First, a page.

US 3476670 A
Description (OCR text may contain errors)
Nov. 4, 1969 B. A. WEINER POLAROGRAPHIC ELECTRODE STRUCTURE Original Fi A g- 1 1964 HHH HI VII," A
INVENTOR BERNARD AJV'JEILER ATTORNEY United States Patent US. Cl. 204-195 1 "Claim ABSTRACT OF THE DISCLOSURE A polarographic cathode structure comprising a hypodermic needle having a shaft and an apertured bevel, a longitudinal slit in the wall of the shaft just beyond the bevel, a platinum wire cathode disposed in the shaft, an oxygen-permeable collodion membrane covering the segment of the wire underlying the slit, and a resin seal sealing the aperture at the bevel, whereby only the slit provides access of sample to the cathode.
This application is a division of application Ser. No. 388,731, filed Aug. 10, 1964, now US. Patent No. 3,352,- 762.
A nonexclusive, irrevocable, royalty-free license in the invention herein described, throughout the World for all purposes of the United States Government, with the power to grant sublicenses for such purposes, is hereby granted to the Government of the United States of America.
This invention relates to improved components of polarographic systems for continuously measuring the content of dissolved oxygen, e.g. in the hemolymph of undesirable insects or in fermentation media. In another aspect this invention relates to highly improved elements that cooperate to permit repetitive and self-sterilizing insertions of a protected polarographic cathode through a disinfectantcontaining symmetrically-cored rubber stopper that is relatively permanently fixed in the sidewall of an oxygenreceiving bath-heated fermentation flask.
Polarographic measurement of oxygen levels in biological systems is well known. Hagihara, Biochem, Acta., 46: 134 (1961), used a rotatinv platinum cathode for determining the oxygen uptake of the nitochondria of certain cells. Stickland, Biochem. J., 77: 636 (1960) investigated the respiration of plant nitochondria with a modification of the Clark cathode, see Trans. Am. Soc. for Artificial Internal Organs, 21: 41 (1955), the Clark electrode comprising a platinum wire encased in a membrane-tipped glass capillary anchored in a KCl solution also containing a silver wire anode; Kreuzer et a1. Jour. Appl. PhysioL, 15: 77 (1960), continuously recorded intra-carotid oxygen levels with a modified Clark platinum electrode contained in a catheter-type sheath, the built-up rounded tip being incapable of puncturing tissue and requiring either direct incisional access or the use of a trocar. It is also old to prepare extremely thin salt bridge electrodes for obtaining the millivolt discharges from single cells of the exposed cerebral cortex with meticulously drawn out capillary tubes, but even with the utmost manipulative care and access to such a particularly soft tissue as the brain, the rate of breakage is most troublesome.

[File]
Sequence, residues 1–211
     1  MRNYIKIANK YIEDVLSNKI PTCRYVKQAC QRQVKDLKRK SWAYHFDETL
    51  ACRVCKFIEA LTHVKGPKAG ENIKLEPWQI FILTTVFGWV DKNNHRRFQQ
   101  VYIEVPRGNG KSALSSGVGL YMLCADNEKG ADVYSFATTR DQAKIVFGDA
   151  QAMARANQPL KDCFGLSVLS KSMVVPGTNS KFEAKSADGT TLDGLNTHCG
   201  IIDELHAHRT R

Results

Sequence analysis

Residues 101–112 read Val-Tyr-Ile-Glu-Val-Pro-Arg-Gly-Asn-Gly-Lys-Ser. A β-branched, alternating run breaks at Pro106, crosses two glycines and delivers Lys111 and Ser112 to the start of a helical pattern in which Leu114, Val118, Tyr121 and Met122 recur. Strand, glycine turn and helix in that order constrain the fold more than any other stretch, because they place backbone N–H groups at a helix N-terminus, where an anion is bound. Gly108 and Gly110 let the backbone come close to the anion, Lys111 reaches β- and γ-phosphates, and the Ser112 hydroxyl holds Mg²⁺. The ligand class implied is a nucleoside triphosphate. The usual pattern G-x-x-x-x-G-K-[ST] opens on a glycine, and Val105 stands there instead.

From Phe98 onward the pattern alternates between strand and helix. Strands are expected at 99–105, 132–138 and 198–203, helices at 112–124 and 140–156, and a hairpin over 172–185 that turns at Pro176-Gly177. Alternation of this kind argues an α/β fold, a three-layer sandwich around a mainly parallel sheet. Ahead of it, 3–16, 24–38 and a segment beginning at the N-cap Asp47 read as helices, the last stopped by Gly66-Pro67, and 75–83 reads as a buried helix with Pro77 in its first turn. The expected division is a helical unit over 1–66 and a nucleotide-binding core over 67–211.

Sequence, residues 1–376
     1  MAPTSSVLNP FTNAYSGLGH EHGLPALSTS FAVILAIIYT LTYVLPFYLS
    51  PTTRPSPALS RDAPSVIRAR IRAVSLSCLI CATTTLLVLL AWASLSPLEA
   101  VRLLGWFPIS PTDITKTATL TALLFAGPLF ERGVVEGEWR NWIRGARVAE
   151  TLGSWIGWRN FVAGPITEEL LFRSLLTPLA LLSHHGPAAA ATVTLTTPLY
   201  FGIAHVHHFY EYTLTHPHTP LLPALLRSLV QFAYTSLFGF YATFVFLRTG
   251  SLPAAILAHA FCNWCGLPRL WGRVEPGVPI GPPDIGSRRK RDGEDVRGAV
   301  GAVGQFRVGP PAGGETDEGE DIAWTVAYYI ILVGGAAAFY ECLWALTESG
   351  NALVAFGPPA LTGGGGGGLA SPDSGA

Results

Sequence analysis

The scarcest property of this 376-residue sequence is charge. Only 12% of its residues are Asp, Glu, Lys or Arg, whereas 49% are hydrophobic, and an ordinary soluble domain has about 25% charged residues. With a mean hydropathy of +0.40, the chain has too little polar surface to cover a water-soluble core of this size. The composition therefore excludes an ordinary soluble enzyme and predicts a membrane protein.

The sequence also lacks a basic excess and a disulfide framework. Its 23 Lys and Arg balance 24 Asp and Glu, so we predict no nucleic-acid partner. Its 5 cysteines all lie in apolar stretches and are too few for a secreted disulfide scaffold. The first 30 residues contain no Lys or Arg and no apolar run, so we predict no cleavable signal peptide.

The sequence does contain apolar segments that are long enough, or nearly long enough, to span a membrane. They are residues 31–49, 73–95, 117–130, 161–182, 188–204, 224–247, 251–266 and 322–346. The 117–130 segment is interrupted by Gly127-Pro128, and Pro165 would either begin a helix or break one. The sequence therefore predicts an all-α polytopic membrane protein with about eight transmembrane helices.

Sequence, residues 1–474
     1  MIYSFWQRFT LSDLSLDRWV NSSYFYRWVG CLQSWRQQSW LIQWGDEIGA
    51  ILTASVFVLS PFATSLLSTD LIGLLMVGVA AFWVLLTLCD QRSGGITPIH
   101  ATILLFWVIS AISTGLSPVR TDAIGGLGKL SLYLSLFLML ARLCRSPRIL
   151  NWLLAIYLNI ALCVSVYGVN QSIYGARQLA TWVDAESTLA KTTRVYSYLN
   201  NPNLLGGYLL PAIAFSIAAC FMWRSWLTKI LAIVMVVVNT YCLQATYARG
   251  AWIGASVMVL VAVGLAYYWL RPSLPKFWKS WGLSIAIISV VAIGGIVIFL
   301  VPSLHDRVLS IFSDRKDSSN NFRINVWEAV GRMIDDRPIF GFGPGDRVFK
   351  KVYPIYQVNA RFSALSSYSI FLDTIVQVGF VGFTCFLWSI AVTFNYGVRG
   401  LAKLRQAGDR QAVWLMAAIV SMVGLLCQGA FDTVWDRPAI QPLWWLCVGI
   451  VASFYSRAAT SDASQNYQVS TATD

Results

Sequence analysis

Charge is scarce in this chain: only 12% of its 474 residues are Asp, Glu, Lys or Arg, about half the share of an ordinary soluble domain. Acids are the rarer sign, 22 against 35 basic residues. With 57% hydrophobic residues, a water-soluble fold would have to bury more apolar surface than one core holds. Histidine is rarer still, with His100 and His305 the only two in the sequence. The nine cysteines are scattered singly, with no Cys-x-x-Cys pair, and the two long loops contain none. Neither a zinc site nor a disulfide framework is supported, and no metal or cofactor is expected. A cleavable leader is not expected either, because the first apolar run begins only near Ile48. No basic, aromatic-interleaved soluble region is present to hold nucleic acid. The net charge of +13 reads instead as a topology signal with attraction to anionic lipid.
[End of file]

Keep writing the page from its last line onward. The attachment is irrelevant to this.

The present invention is the outgrowth of problems encountered in research directed towards the metabolism of the Japanese beetle larvae and particularly towards enhancing the in vivo and in vitro production, viability, and pathogenicity of Bacillus popilliae spores that could be a most valuable means of controlling or eradicating the Japanese beetle. It was found that while the mere miniaturization of sheath-reinforced prior art polarographic 3,476,670 Patented Nov. 4, 1969 cathodes rendered them small enough for placement in the hemocoel of the Japanese beetle larvae, cathodes having a bulbous tip, as in Kreuzer et al., excessively traumatized the larvae thereby unduly increasing their metabolism and hastening their deaths so that extended readings could not be obtained. When the platinum wire was simply ensheathed in a 27 gauge hypodermic needle, the beveled terminal aperture of the needle accumulated cellular debris and plugs that markedl interfered with the readings. Furthermore, sheath-reinforced polarographic cathodes having dulled or rounded rather than apex-type points obviously could not be thrust into contamination-protected glassware such as rubber-stoppered fermentation flasks nor through the remaining layer of rubber when the stopper has been deeply bored out from both ends to provide opposed cup-like recesses at least one of which recesses contains a vaporizable disinfectant or sterilant and especially not when the free end of the sterilant-containing recesses is also fitted with a tightly fitting puncturable plug or stopper that will effectively prevent the loss of vaporizable sterilant, e.g., crystals and vapor of iodine, and also prevents such from reaching the sensitive culture medium.